What tips do you recommend to Medicare beneficiaries dealing with hefty medical bills? My husband recently had open heart surgery and is recovering slowly, but the medical bills are coming in fast and furious and they’re putting us in medical debt.
— Struggling in Springfield
I’m sorry to hear about your billing struggles, but medical debt has unfortunately become a chronic problem in this country. According to US Census data 19 percent of Americans households carry medical debt, including 10 percent of households headed by someone 65 or older. Even seniors on Medicare can easily get snagged in a web of complicated billing and coverage problems.
To help you slash your medical bills, here are some tips recommended by health care experts that you should try.
Double check your bills: Almost half of all medical bills contain at least one error, including duplicate charges or charges for services you never received. If you’re facing a high bill and are on the hook for some portion of it, request itemized invoices from the hospital and other providers that detail everything you were charged for and go through them line by line. If you find something you don’t understand or find fishy contact the provider for an explanation or a correction.
Wait for your EOB: Doctors’ offices and hospitals may mail initial bills to you before they even submit them to your health insurer. So, hold off on any payment until you receive an explanation of benefits from your provider — Medicare, supplemental Medicare, Medicare Advantage, or private insurer. This will show what you owe after your insurance has paid its portion.
If your EOB shows that your insurer is refusing to pay for services that you think should be covered, call them to see whether it’s a correctable mistake, such as a coding error for a certain test or treatment. If it’s truly a denial of coverage, you may need to file an appeal. For details on how to file a Medicare appeal, see Medicare.gov/claims-appeals/how-do-i-file-an-appeal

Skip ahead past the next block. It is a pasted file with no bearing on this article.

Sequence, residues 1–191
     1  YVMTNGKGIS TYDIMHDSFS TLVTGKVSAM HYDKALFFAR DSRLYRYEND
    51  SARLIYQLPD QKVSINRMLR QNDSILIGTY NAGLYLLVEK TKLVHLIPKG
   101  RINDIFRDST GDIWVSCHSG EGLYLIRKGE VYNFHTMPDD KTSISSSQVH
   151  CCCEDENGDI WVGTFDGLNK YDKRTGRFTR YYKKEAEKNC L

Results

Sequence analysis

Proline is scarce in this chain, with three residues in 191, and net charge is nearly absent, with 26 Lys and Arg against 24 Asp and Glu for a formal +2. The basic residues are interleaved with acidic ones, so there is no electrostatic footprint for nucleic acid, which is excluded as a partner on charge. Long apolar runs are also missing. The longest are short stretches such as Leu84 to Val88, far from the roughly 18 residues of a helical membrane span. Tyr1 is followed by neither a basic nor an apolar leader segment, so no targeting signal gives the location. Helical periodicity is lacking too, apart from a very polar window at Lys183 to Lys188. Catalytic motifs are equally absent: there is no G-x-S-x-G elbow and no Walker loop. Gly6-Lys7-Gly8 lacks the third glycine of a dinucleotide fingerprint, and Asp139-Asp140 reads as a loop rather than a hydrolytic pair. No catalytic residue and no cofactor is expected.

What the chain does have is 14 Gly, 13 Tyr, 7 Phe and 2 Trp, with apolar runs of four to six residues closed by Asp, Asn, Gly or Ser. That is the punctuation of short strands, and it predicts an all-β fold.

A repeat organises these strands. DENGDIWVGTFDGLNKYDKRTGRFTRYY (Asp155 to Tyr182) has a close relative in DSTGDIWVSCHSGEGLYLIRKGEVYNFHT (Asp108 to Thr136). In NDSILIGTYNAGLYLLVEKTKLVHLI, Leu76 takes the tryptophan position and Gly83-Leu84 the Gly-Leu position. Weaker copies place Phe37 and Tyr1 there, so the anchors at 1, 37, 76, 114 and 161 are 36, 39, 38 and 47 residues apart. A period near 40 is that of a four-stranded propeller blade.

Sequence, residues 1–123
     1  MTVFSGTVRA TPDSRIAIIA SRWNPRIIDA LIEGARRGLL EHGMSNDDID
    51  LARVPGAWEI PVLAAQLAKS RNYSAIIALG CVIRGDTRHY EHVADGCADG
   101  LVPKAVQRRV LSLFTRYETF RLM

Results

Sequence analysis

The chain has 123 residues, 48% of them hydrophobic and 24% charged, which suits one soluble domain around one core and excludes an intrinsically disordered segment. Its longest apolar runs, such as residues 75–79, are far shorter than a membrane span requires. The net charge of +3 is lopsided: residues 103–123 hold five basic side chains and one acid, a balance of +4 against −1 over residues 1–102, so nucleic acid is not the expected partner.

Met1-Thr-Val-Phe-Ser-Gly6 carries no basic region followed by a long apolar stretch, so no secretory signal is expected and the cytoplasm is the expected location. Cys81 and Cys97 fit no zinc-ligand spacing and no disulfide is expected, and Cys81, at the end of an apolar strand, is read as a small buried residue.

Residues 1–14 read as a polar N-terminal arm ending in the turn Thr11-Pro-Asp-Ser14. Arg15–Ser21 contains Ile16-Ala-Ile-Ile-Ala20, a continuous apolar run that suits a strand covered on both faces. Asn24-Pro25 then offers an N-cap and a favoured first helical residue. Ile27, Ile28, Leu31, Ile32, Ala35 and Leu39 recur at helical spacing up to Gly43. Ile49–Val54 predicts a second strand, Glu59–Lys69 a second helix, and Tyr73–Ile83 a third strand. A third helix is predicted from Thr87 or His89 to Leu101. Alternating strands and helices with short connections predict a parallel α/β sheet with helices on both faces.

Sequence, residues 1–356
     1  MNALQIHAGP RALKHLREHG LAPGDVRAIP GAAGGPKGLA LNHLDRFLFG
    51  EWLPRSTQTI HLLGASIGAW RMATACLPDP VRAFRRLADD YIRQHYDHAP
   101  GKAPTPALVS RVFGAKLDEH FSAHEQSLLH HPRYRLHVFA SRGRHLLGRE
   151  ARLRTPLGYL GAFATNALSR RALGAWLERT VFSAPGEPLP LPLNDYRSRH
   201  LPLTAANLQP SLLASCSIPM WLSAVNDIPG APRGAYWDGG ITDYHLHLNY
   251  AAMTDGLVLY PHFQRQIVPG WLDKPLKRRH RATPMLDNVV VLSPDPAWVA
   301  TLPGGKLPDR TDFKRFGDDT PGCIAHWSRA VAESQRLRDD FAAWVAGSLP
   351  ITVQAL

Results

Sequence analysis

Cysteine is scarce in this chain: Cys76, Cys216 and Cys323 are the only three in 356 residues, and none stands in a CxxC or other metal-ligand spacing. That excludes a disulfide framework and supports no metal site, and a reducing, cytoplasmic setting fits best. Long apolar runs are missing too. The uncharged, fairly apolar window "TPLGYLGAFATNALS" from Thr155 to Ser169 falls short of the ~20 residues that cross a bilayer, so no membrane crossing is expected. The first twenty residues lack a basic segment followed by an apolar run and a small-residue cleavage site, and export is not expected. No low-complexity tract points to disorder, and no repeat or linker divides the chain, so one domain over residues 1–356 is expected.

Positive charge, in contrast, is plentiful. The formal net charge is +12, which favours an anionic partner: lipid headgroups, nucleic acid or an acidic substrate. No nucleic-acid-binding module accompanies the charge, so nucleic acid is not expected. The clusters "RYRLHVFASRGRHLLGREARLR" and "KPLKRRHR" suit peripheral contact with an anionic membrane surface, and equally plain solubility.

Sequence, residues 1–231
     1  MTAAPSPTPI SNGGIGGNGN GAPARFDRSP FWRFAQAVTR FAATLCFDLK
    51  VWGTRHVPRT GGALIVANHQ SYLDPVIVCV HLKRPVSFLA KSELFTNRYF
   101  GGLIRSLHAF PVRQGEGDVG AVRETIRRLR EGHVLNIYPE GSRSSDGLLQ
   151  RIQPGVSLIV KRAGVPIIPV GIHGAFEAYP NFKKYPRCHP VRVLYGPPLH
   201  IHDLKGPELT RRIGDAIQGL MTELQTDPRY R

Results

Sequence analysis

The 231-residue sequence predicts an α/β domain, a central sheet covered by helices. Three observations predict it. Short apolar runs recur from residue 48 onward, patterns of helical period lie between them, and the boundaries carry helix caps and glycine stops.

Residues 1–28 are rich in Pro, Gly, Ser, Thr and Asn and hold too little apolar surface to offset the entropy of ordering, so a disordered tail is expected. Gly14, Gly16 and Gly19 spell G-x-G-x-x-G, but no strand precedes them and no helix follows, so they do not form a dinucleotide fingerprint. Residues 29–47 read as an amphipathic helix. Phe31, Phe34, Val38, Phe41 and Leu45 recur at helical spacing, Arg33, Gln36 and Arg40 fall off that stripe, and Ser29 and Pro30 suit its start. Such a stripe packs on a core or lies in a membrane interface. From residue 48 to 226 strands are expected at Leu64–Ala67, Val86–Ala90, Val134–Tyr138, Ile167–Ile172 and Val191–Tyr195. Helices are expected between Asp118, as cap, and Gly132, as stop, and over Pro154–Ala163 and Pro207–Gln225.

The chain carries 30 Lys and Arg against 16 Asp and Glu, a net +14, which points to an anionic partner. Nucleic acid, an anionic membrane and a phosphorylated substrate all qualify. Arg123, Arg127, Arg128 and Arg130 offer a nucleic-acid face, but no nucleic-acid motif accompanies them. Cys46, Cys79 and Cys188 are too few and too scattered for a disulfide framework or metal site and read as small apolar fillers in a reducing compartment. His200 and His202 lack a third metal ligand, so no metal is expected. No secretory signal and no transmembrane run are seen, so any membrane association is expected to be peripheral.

Ask for a discount: Call the hospital’s accounting office or the billing staff at your doctor’s practice and ask if they can reduce your bill. You’d be surprised how often this works. Or if you have the funds to pay the entire bill, ask the hospital or provider for a “prompt pay” discount which may save you 15 percent or more.
If it’s best for you to pay your bills over time, ask the billing office to set up a no-interest payment plan for you. It’s in the provider’s interest to work with you to obtain payment.
You can also call the hospital where your husband had his surgery and ask a billing specialist if the facility offers financial assistance. According to the American Hospital Association, about half of US hospitals are nonprofit. This means they are required to offer free or discounted services in some instances. This is usually reserved for low to moderate income patients who have limited or no health insurance, but requirements vary from hospital to hospital.
Get help: If you’ve gotten nowhere on your own, contact the Patient Advocate Foundation (patientadvocate.org, 800-532-5274) who can help you understand and negotiate your medical bills, free of charge. Or consider hiring a medical billing professional to negotiate for you but be aware that these services can cost upward of $100 an hour. You can find potential candidates through the Alliance of Professional Health Advocates (advoconnection.com). Be sure to choose someone who is credentialed by the Patient Advocate Certification Board.
Send your senior questions to: Savvy Senior, P.O. Box 5443, Norman, OK 73070, or visit SavvySenior.org. Jim Miller is a contributor to the NBC Today show and author of “The Savvy Senior” book.